A New Year’s Day Trip
People celebrate the New Year in different ways, but for most birdwatchers, the year begins with a birding trip. And so, after taking my time to get going with the cold temps outside (it was about -25 that morning!), my four-legged companion Wren and I loaded up for the Lake Champlain Region.
We planned to start our day at Ausable Marsh Wildlife Management Area. Given how cold it has been, Ausable was a good choice because the lake is still open there – the northern and southern ends of the lake are frozen and with the temps in our current forecast will certainly freeze more.
Birds At Ausable Marsh And Ausable Point
Even at Ausable, ice covered the lake in the bays and coves, forcing the waterfowl further from shore. I stood and scoped them in the zero-degree sun, and found species like Common Goldeneye, Mallard, American Black Duck, Greater Scaup, Hooded Merganser, and lots of Common Mergansers. I also spotted a Lesser Black-backed Gull which was a bit hazy to observe in the strong distortion caused by the cold air meeting the relatively warm waters of the lake.
As a result of this contorted view, I gave up on distant scoping and Wren and I set out to walk around Ausable Point where our path was met by thin spots where the snow had been blown off, and their accompanying drifts. But I found few birds – they seemed happier to tuck in along the ice in the bay than to expose themselves along the point. I felt the same way, and after we had walked a loop along the point and through the campground I was glad to return to the car.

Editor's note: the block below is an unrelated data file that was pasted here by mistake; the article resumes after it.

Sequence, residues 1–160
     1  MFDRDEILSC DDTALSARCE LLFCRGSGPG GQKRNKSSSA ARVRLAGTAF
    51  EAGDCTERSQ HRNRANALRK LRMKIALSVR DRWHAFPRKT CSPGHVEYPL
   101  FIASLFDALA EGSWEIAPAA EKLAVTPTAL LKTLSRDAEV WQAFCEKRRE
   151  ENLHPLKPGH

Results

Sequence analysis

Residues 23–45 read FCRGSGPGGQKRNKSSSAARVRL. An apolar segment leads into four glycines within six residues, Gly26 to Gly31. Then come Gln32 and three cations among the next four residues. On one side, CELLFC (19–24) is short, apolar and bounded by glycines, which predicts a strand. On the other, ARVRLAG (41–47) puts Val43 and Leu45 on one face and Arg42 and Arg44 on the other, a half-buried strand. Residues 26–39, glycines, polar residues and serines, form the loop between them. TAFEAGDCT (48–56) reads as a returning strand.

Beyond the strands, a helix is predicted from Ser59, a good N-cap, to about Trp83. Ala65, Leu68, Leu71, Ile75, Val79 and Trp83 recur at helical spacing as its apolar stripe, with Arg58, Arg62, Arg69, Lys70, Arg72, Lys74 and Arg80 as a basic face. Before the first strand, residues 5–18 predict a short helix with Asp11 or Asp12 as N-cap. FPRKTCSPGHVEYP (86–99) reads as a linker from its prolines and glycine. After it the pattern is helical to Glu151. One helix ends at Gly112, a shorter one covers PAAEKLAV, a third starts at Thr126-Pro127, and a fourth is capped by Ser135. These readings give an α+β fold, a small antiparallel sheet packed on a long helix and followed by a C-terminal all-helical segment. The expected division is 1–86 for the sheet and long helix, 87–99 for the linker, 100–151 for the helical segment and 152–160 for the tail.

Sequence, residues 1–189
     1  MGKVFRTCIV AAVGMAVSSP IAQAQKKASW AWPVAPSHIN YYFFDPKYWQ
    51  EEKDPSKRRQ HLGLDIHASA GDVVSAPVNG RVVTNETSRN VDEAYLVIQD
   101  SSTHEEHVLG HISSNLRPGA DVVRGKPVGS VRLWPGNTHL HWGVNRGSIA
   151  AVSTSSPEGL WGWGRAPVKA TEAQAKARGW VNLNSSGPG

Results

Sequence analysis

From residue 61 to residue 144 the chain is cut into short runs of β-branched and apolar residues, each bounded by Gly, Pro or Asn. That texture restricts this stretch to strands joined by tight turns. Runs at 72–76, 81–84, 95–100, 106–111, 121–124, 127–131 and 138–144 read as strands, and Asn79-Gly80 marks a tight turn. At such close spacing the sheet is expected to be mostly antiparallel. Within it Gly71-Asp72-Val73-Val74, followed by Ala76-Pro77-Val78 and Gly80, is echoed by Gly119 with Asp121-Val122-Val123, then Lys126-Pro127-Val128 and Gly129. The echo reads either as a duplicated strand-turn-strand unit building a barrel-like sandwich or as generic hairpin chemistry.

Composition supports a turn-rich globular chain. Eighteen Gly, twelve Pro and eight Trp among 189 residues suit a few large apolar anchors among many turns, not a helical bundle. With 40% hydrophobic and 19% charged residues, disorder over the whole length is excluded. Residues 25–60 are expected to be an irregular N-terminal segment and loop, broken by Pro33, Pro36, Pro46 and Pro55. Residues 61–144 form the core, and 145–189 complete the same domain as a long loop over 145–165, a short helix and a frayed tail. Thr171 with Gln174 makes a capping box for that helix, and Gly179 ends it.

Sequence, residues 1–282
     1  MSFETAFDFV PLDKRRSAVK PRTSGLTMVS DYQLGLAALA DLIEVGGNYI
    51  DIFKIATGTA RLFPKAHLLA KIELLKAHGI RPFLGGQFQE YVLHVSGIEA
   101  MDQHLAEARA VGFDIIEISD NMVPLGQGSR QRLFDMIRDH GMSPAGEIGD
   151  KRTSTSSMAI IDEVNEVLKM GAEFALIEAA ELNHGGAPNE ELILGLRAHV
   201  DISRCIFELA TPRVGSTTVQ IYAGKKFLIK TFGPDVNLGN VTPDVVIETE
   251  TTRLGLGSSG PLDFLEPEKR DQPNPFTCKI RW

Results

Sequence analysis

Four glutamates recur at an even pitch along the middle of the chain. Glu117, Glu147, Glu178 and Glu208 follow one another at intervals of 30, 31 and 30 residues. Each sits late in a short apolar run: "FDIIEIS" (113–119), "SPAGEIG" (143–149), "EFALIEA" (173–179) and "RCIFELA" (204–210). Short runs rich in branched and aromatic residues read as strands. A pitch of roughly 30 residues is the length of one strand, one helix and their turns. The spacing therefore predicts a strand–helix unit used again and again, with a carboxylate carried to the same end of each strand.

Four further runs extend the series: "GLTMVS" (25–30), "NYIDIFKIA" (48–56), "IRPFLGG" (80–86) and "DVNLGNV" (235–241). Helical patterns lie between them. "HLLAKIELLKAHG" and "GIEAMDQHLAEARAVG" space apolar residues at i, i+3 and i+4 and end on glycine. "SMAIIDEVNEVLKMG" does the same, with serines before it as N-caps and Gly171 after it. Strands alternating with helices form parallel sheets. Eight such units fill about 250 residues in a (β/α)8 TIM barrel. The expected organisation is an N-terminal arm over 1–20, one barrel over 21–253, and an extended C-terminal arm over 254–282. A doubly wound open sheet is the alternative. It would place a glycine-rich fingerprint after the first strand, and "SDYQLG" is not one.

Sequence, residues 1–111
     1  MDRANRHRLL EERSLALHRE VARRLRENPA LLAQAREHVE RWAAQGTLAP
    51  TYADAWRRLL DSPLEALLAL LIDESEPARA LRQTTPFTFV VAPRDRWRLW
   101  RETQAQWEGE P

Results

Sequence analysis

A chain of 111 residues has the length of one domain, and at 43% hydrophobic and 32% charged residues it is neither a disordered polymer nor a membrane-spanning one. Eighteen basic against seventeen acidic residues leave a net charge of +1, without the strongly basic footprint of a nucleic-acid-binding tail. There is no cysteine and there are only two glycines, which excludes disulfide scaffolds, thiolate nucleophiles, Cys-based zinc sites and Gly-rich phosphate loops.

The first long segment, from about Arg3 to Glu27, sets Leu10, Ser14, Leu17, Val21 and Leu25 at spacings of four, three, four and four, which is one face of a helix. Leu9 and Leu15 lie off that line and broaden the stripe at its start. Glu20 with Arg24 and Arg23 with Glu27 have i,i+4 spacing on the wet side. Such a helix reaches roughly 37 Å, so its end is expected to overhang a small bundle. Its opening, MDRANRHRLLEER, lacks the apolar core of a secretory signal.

The cold breeze — which easily dipped the windchill below zero — had been getting to me. Despite this, I still managed to find a flock of songbirds in the pines which included Black-capped Chickadee, Red and White-breasted Nuthatches, Golden-crowned Kinglet, and Downy Woodpecker. More interesting to me were the flyover Snow Buntings and Red Crossbills – I’ve been seeing both regularly of late. An adult Bald Eagle was also nice to see.
Several Cold Stops
The short drive from the campground to the pull-off along Route 9 was not nearly long enough to warm me up, but it was nice to be out of the air briefly. I found a similar mix of waterfowl from Route 9, but I also found an interesting dark (relatively) mantled Herring Gull.
We turned south for Port Kent, where the ferry landing was surrounded by open water, but few ducks. It did however support four adult Bald Eagles which flew back and forth while I sat in the car with my foot on the warm defroster vent to help restore circulation to my toes.
We turned north for Plattsburgh, first stopping at the marina and town park where a Snowy Owl has been frequenting the breakwater. We didn’t see the owl on our visit, and although I could see many distant shapes of ducks and gulls on the open water to the south, they were once again greatly distorted, so we moved on.
The Saranac River mouth was almost completely frozen, and while the water was open near the Cumberland Head Ferry Terminal, it only held the attention of one Common Merganser. It almost seemed unfair to find nothing on the open lake after looking at so much ice after leaving Ausable, but even open patches of water aren’t always filled by birds. That’s just the luck of birding, and cold weather birding seems to accentuate that reality.